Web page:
What's the cliche that you hear most about Bitcoin? “I don’t like Bitcoin, but I like Blockchain.” Usually when you google a quote like this, it doesn’t exist. Not exactly – typically you’ll have some typo in there. But this one does, because people say it all the time. From a Director of the Indian Central Bank, to people you meet in the bar, to Twitter: “We don’t like Bitcoin we love blockchain” is the new “I read Playboy for the articles.” — Downtown Josh Brown (@ReformedBroker) October 13, 2017 Saying "I don't like Bitcoin but i like Blockchain." is like "I don't like electron but i like electricity.". — Decentralized Kebab (@DonerChain) December 18, 2017 People who say this think they mean they don’t like illicit payment mechanisms but that they like decentralization. Personally I suspect it means “I don’t really understand either but I’ve heard somebody say bad things about Bitcoin but the tech is hot right?”   You know when you have the most amazing idea, but then you try to tell your best friend and they look at you blankly? It’s the same as oneitis . When you meet the person you think you are destined to be with but you ruin it because you act like a petulant teenager. The people who both love and understand Bitcoin and blockchain can share a vision, and probably even show you some code, but they can’t explain it in simple terms to the average person down the pub. This is why they get bogged down in Byzantine Fault Tolerance or even worse “No more banks man!” We’re different though, we’re not tech guys. So we get to buy into the hype at the same time as oversimplifying . And what does oversimplification look like? Its unique digital assets . That’s the explain like I’m five background on blockchain. Bitcoin happens to be the first provably scarce digital asset . Alright, alright, just because you put the latest Adele song on the blockchain, that doesn’t make it unique. But if you put the signature of the owner or creator of that song on the blockchain, in that case you’ve got something hard to corrupt. Image: Harder to change than the settings on your thermostat. Source Corgi HomePlan, flickr commons Here at Blocktribe, we like crypto, but we love blockchain . What does that mean? Well first off we own a little Bitcoin, Ethereum et cetera, but small, really small. Small enough that we can still see the wood for the trees. Secondly, it means we get really excited when somebody starts talking about new digital securities, or a new way of doing something in a completely open way. One of the great things about blockchain is that it makes people think of openness as a default setting , rather than something optional. The sad truth is that the majority of time openness occurs is after somebody gets caught . That’s true with Clinton and Lewinsky, and that’s true with Facebook and their adverts manipulating you exactly as they are designed to do. Blockchains are open and decentralized in a way that the organisation and processes of society mostly isn’t. You may be reading along and thinking “ what has this got to do with the price of Bitcoin going down? ” And that is our problem with a rising Bitcoin price. It ends conversations because all the other person cares about is the dollar number at the top of their Blockfolio app. The rising price has lots of benefits. It's pulling forward adoption , lots of people can get into crypto to speculate and then stay to spend and develop. It's creating wealth . Bitcoin is not zero sum, if it goes up and someone sells at a profit that is value from nowhere. We at Blocktribe fully support everyone making money :) The rising price of crypto enabled the funding every half assed blockchain idea going. Which is also good…to an extent. Come on, when Dogecoin hit $2 billion market cap there is something very wrong going on. It gets no github commits and is a meme pretending to be money. Image: It’s definitely a parody The benefits of the drop in the price of Bitcoin and Ethereum is that real ideas, the real breakthroughs , like Bitcoin and Ethereum, will capture more share of attention . Developers will become more selective about the best projects . People, including me, will spend less time looking at Blockfolio, and more time being useful. That can only be good for blockchain.
Back when Kite first started looking at blockchain, we noticed immediately how the space seemed to have its own language, its own customs and importantly its own distinct identity. Myth making and idealistic hopes about decentralization, and a new world order free of censorship, were central to many early adopters. That's pretty much how we came up with Blocktribe. So no surprise crypto and blockchain has been a truly amazing source of memes. Giving some #expert #bitcoin advice to your friends and family this holiday season be like: $btc $btcusd $xbtusd pic.twitter.com/EAeUOD15FD - Nick Cote - Pizpie (@mBTCPizpie) December 23, 2017 (Source: Twitter)  However, little did we expect to see comments such as these. Bcash, is the real bitcoin. What a joke - Aria Nemati (@nemaria9) December 8, 2017 (Source: Twitter)   "Bitcoin Cash" is centralized sock puppetry. https://t.co/OJJo5vwEfn - Nick Szabo⚡️ (@NickSzabo4) December 21, 2017 Source: Twitter   And if you're on Twitter you'll know we are going heavily safe for work with these. Crypto trolling is simply vicious.   You definitely have the IQ of 0 because last time I checked people with six figures we're not arguing on Twitter about a $0.04 crypto. I think when you mean six figures you mean maybe $6k you spent and probably lost. Tronis still developing. You're just a internet troll. - Thomas (@TomaszMaciejka) February 23, 2018 (Source: Twitter)   Now perhaps this is simply Twitter at its best-ish worse. Exploding barrels of testosterone under the cover of anonymity. But we don't think so.   Why not just use zcash? - Vitalik "No I'm not giving away ETH" Buterin (@VitalikButerin) February 27, 2018 (Source: Twitter) I'm sure you'll agree that this is an absolutely classic killer question - why not just use the other thing that does exactly what you've just highlighted? Why put thought leaders in a position that they feel the need to socially de-proof your comments? Greed has always walked among us but we can't help thinking how this greed consuming its consumers is part of the new incentive structure of blockchains with tokens. In this link Rhys Lindmark discusses Ben Thompson's Aggregation Theory, and how blockchains allow startups to compete with the new tech monopolies - by quite simply financially incentivizing early adopters. "Join our tribe and let us be rich together!" (Source: Chris Dixon) There are two things I love about this chart. One is of course it changes everything. The other is that early adopters are highly incentivized to push something that quite simply probably isn't very good! And the other side of pushing something that basically works badly (literally because it's a prototype) is explaining why the competition is even worse. Here we creep into a second debate. What is the world of crypto and blockchain going to look like in twenty years? Hyperbitcoinization is the big daddy of blockchain myths. It is of course that Bitcoin is the one future currency in which scraggly dollars and second rate pounds get priced in. We do not need to say this isn't going to happen because currently crypto is saying this is not going to happen. As of now, Bitcoin is under 40% of the total market capitalization of cryptocurrencies. That says not so good things about Bitcoin, but it says absolutely amazing things about crypto. I have personally suspected that there can be only two or three winners in the digital currency space. Clearly the fantastic economics of new coins makes this a much riskier call than when discussing Google's dominance in search or Facebook's preponderance in social media. However, let's be clear though, not for a second are we saying that Bitcoin cannot be the one true cryptoasset - merely that in 2018 it is all still up for grabs. What excites us at blocktribe is that we think cryptocurrencies are just the tip of the iceberg. Or to follow the tribal analogies, that they are the first Siberians to arrive in North America. If this is the excitement and size we get from censorship resistant digital money transfer, what happens when companies blockchain their business models or when company ownership is secured and distributed via blockchain.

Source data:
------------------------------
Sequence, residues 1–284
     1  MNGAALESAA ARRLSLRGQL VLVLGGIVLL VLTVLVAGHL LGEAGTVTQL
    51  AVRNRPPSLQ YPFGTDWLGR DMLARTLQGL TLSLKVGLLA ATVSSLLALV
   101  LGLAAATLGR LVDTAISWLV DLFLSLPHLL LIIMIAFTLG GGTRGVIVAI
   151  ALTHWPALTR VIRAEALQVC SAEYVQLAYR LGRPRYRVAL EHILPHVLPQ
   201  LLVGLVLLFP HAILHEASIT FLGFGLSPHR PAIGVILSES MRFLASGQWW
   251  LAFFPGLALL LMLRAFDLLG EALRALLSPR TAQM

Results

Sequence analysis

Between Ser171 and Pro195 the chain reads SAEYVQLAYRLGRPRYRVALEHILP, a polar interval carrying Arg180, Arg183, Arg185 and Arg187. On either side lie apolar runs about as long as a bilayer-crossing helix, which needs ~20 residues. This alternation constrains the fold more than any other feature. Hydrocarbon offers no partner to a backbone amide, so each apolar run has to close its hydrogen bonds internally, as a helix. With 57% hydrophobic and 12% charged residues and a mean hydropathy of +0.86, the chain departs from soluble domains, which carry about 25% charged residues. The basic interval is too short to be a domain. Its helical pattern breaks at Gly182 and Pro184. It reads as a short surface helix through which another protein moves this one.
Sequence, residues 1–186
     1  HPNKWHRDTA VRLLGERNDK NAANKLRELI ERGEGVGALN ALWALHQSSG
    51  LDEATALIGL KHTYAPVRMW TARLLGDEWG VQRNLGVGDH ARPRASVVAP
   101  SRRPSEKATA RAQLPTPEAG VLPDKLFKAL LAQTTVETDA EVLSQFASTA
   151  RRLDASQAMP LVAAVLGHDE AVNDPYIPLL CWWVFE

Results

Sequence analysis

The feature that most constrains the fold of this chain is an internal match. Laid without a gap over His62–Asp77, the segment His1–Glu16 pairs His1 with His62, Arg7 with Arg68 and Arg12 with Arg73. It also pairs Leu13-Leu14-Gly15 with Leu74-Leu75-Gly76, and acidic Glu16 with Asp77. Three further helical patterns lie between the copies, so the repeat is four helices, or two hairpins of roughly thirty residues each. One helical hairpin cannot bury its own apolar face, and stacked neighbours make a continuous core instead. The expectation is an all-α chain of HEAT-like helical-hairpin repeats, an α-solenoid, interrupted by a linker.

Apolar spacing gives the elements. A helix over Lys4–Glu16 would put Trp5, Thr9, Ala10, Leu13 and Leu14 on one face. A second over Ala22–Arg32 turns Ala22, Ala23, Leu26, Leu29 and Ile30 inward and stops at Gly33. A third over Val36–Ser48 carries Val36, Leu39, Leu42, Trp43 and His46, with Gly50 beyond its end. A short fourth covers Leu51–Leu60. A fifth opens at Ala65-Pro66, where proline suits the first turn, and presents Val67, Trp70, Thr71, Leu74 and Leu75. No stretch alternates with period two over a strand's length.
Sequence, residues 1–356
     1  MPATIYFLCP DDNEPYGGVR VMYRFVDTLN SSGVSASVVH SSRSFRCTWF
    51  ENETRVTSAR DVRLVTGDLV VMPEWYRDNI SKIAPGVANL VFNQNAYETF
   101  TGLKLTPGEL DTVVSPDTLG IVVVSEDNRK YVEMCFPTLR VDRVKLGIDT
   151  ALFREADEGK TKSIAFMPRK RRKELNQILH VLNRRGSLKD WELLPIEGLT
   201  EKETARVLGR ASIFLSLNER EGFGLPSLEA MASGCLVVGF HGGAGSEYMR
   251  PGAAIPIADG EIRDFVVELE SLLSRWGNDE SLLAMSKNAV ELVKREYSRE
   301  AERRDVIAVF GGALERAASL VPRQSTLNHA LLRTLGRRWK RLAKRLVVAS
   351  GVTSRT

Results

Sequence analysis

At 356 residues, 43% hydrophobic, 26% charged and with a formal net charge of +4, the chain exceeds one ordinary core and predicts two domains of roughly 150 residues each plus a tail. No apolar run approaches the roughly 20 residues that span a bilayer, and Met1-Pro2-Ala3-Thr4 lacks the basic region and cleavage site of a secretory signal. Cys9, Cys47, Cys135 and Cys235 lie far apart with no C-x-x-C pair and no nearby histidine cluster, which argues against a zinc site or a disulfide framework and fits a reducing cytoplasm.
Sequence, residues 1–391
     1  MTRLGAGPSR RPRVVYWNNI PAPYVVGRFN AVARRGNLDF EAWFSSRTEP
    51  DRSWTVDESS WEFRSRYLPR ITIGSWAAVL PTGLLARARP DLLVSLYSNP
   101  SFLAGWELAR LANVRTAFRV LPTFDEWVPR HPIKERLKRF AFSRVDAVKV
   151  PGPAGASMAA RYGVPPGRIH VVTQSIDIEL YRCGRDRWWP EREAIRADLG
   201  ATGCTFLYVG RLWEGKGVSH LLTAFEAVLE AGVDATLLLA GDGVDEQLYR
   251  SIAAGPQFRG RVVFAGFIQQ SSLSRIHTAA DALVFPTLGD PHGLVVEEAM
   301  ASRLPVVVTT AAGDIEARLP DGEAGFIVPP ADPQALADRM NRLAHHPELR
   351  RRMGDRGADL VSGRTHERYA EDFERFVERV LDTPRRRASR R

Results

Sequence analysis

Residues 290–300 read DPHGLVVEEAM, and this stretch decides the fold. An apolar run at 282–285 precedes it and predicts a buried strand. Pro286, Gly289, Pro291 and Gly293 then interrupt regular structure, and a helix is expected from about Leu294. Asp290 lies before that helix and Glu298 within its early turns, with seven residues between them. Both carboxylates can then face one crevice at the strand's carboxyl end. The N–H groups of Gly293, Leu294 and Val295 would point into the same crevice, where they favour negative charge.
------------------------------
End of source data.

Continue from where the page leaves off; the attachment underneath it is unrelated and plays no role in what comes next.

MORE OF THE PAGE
Sometimes it feels like finding the right blockchain developer is like trying to find Big Foot - impossible. However, unlike the guy with the large shoes, blockchain developers actually exist. You just need to know where to look… Here is our breakdown of the top 10 methods for finding the best devs on the block(chain).   1. Blocktribe.com Okay, so your reading this blog on blocktribe, so hopefully you’ve had a chance to look around the site, but let’s say you’ve found this blog from a quick Google search - what is blocktribe and how can this website help me find a developer?  To put it plainly, blocktribe is a dedicated job board for blockchain roles. As an advertiser you will be able to search through a CV database and filter by job title (eg. developer!) and as easy as 1,2,3 you will have a list of amazing candidates at your finger tips.  We will also advertise your job role to our candidates who have indicated on their profile that they are interested in your chosen job title, meaning only the relevant people will be notified about your position.   2. The Big Boards Niche boards like blocktribe are great (even if we are biased) at targeted advertising but there is certainly something to be said about casting a wide net on a much larger and broader job board. You likely know the names already, but Monster, Total Jobs, Reed etc are all good options. Bear in mind though, that your advert needs to be really tight if you are advertising in such a large marketplace. It sounds obvious, but make sure you have a more generic job title that will be likely to come up in searches, be clear on location, salary and make sure your job description is compelling.   3. LinkedIn 100% recommend having your company represented on LinkedIn - that should be paramount. You can also download a free trial of LinkedIn Recruiter (remember to cancel before 30 days are up, otherwise charges will apply) and you can take advantage of enhanced search functions. You can activate this through your Settings and then select Subscriptions.   4. LinkedIn Groups Yes, LinkedIn again, but this time we are talking about Groups. Much like Facebook, LI has thousands of group pages. This cuts down on your search time as there are groups dedicated to blockchain developers – you just need to ask to join and then introduce yourself! To find this, go to LinkedIn and enter your desired group target in the search bar (eg. blockchain developers) press entre. Then click on the More tab and select Groups.   5. Social Media After you post your job on blocktribe, you will be prompted to share your post on social media, including Facebook, Twitter, Google+ and LinkedIn. Take advantage of this feature and share your advert with your audience! Make sure you are also utilising the functions on your social media. Take Twitter check out popular hashtags and make sure to use them in your tweets. Shy away from using #ad as this is typically associated with paid advertisements but #blockchainjobs is a good place to start. Avoid spamming your followers though as they will probably get fed up and disengage - or worse – unfollow…!   6. Networking In today’s world it feels like so much has to be done online, but there is still so much to be said about going out there and meeting talent in person.  meetup.com is probably the best place to get started - simply search in tech and filter it down from there. There are so many events going on and even if you don’t find a hire, you will almost certainly come away with some great new industry contacts.   7. Recruiters If you don’t want to do the leg work - then luckily you can pay for someone to do it for you! Recruitment agencies will take a job description from you and find a shortlist of candidates to send to you. They will help organise interviews and keep the recruitment process ticking along by constantly finding CVs until you decide on the right person. Research is key here as while great recruitment companies exist, unfortunately so do bad ones. You might find going for a niche supplier is going to provide better results as they should know their industry and their network inside out.   8. Advertise on your site and check your SEO This is obvious but often overlooked (as the obvious things sometimes are) - advertise on your own website. It’s free (excellent) and if someone has taken the time to go to your site they are already more likely to be interested in your brand and essentially, they are doing half the work for you. All it requires is an extra tab or a linked footer and you can list all available roles there. Make sure you list an email address for them to contact you. Or speak to your website provider/designer and ask for them to create an enquiries form for you. Just make sure you check responses from this or you might miss out on someone great. Good SEO is good for everything but having a high search engine ranking certainly will help make your website more visible to the best devs out there.   9. Give them a ring Headhunting can seem intimidating, but it be very fruitful. This typically comes through LinkedIn - see an epic profile, check contact details and give them a ring. Obviously, this person is not expecting your call, they probably aren’t even looking for a job - so tread carefully and be sensitive. If they sound interested, then be respectful that they might be at work and therefore difficult to talk, so perhaps suggest calling them back at a better time for them.   10. Ask the people you know! Ask the people you know if they can make any recommendations. I’ve touched on this above, but it really is the number 1 way to find someone amazing because people very rarely recommend someone unless they know they are really good. There's likely a deeper reason behind this, but in truth it's probably because you don’t want the embarrassment of being associated with someone terrible, so you only end up recommending the best people.  You can reward successful hires through recommendations by offering a referral fee.